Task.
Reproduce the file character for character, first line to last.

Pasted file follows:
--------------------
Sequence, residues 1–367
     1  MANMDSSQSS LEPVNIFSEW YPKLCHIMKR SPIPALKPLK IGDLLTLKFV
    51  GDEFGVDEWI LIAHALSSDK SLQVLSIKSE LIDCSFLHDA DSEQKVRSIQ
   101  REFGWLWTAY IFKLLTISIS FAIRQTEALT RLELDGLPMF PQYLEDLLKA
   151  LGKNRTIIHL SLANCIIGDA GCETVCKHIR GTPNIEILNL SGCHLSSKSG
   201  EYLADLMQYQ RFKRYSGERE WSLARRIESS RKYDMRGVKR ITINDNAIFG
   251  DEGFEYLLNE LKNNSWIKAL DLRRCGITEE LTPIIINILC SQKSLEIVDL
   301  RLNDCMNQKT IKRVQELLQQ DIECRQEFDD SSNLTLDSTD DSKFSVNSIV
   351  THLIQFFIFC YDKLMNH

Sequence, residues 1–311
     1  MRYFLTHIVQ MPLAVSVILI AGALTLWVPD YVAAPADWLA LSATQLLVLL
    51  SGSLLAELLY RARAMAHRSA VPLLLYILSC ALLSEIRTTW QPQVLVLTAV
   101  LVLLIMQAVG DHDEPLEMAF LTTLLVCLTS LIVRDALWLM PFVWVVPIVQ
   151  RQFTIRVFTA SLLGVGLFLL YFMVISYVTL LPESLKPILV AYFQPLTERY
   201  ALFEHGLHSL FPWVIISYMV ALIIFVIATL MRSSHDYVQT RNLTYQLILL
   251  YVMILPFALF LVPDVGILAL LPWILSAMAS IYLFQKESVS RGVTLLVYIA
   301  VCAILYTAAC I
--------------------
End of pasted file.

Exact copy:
Sequence, residues 1–367
     1  MANMDSSQSS LEPVNIFSEW YPKLCHIMKR SPIPALKPLK IGDLLTLKFV
    51  GDEFGVDEWI LIAHALSSDK SLQVLSIKSE LIDCSFLHDA DSEQKVRSIQ
   101  REFGWLWTAY IFKLLTISIS FAIRQTEALT RLELDGLPMF PQYLEDLLKA
   151  LGKNRTIIHL SLANCIIGDA GCETVCKHIR GTPNIEILNL SGCHLSSKSG
   201  EYLADLMQYQ RFKRYSGERE WSLARRIESS RKYDMRGVKR ITINDNAIFG
   251  DEGFEYLLNE LKNNSWIKAL DLRRCGITEE LTPIIINILC SQKSLEIVDL
   301  RLNDCMNQKT IKRVQELLQQ DIECRQEFDD SSNLTLDSTD DSKFSVNSIV
   351  THLIQFFIFC YDKLMNH

Sequence, residues 1–311
     1  MRYFLTHIVQ MPLAVSVILI AGALTLWVPD YVAAPADWLA LSATQLLVLL
    51  SGSLLAELLY RARAMAHRSA VPLLLYILSC ALLSEIRTTW QPQVLVLTAV
   101  LVLLIMQAVG DHDEPLEMAF LTTLLVCLTS LIVRDALWLM PFVWVVPIVQ
   151  RQFTIRVFTA SLLGVGLFLL YFMVISYVTL LPESLKPILV AYFQPLTERY
   201  ALFEHGLHSL FPWVIISYMV ALIIFVIATL MRSSHDYVQT RNLTYQLILL
   251  YVMILPFALF LVPDVGILAL LPWILSAMAS IYLFQKESVS RGVTLLVYIA
   301  VCAILYTAAC I